Forecasting with multivariate temporal aggregation: The case of promotional modelling

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Demand forecasting is central to decision making and operations in organisations. As the volume of forecasts increases, for example due to an increased product customisation that leads to more SKUs being traded, or a reduction in the length of the forecasting cycle, there is a pressing need for reliable automated forecasting. Conventionally, companies rely on a statistical baseline forecast that captures only past demand patterns, which is subsequently adjusted by human experts to incorporate additional information such as promotions. Although there is evidence that such process adds value to forecasting, it is questionable how much it can scale up, due to the human element. Instead, in the literature it has been proposed to enhance the baseline forecasts with external well-structured information, such as the promotional plan of the company, and let experts focus on the less structured information, thus reducing their workload and allowing them to focus where they can add most value. This change in forecasting support systems requires reliable multivariate forecasting models that can be automated, accurate and robust. This paper proposes an extension of the recently proposed Multiple Aggregation Prediction Algorithm (MAPA), which uses temporal aggregation to improve upon the established exponential smoothing family of methods. MAPA is attractive as it has been found to increase both the accuracy and robustness of exponential smoothing. The extended multivariate MAPA is evaluated against established benchmarks in modelling a number of heavily promoted products and is found to perform well in terms of forecast bias and accuracy. Furthermore, we demonstrate that modelling time series using multiple temporal aggregation levels makes the final forecast robust to model mis-specification.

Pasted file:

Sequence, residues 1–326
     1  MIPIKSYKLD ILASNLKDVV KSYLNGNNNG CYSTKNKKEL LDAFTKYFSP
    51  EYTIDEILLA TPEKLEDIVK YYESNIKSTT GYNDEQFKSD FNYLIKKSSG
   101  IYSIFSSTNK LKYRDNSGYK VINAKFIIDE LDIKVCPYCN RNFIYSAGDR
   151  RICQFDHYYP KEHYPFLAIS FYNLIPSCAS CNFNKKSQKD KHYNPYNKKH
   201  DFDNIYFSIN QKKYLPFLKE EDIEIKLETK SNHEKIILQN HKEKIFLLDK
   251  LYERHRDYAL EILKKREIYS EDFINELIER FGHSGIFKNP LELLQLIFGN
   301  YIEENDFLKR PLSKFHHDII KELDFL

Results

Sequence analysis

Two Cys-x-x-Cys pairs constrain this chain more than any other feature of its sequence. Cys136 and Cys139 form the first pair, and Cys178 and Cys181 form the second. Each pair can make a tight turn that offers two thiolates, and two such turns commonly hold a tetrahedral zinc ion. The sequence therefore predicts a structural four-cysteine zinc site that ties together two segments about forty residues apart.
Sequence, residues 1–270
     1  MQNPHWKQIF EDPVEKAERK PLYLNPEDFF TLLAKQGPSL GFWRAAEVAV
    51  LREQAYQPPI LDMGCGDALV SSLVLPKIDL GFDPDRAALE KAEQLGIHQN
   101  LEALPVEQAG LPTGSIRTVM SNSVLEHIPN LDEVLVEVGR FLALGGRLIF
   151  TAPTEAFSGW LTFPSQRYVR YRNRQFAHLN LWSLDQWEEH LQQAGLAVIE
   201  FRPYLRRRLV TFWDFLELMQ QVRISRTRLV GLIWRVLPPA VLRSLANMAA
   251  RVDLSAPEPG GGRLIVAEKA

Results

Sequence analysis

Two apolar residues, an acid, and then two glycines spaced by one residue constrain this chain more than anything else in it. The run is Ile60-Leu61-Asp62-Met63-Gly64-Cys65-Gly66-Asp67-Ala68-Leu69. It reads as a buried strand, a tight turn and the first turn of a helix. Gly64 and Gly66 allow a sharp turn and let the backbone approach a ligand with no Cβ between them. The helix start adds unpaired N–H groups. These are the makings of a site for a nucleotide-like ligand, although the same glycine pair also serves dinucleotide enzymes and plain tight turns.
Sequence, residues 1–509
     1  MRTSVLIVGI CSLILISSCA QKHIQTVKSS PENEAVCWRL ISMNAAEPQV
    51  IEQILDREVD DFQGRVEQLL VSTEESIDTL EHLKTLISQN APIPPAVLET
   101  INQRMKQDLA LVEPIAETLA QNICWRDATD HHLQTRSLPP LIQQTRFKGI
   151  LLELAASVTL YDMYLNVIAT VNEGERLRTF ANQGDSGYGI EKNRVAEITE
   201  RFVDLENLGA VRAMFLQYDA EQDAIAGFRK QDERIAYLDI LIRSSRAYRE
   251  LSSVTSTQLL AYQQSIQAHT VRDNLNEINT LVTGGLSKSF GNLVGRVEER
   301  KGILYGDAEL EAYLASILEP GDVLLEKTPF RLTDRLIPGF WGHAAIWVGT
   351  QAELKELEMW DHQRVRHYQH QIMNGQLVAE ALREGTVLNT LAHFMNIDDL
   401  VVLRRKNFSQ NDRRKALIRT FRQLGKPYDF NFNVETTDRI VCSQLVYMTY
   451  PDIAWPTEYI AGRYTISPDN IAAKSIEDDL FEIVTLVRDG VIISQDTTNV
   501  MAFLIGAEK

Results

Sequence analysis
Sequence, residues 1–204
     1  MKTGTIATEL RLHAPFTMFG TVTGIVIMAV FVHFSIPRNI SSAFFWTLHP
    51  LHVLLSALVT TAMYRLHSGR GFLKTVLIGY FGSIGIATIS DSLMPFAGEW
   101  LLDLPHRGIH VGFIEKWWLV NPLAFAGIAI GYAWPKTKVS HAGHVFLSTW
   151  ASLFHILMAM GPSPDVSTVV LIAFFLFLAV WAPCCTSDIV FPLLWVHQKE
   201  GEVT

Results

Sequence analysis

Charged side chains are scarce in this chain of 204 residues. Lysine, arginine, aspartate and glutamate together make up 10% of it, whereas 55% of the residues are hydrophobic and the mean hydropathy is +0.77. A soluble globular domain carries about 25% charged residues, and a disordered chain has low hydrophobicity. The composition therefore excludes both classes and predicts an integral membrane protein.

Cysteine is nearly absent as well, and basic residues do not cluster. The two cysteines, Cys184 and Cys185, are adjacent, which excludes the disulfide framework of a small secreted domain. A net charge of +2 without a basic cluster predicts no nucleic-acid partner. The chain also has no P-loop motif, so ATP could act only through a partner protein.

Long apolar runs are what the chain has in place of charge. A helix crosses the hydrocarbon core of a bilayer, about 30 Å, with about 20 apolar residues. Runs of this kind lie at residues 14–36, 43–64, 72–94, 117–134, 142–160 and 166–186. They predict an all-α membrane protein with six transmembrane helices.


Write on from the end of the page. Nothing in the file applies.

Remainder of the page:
Kourentzes, N., & Petropoulos, F. (2016). Forecasting with multivariate temporal aggregation: The case of promotional modelling. International Journal of Production Economics, 181, 145–153.

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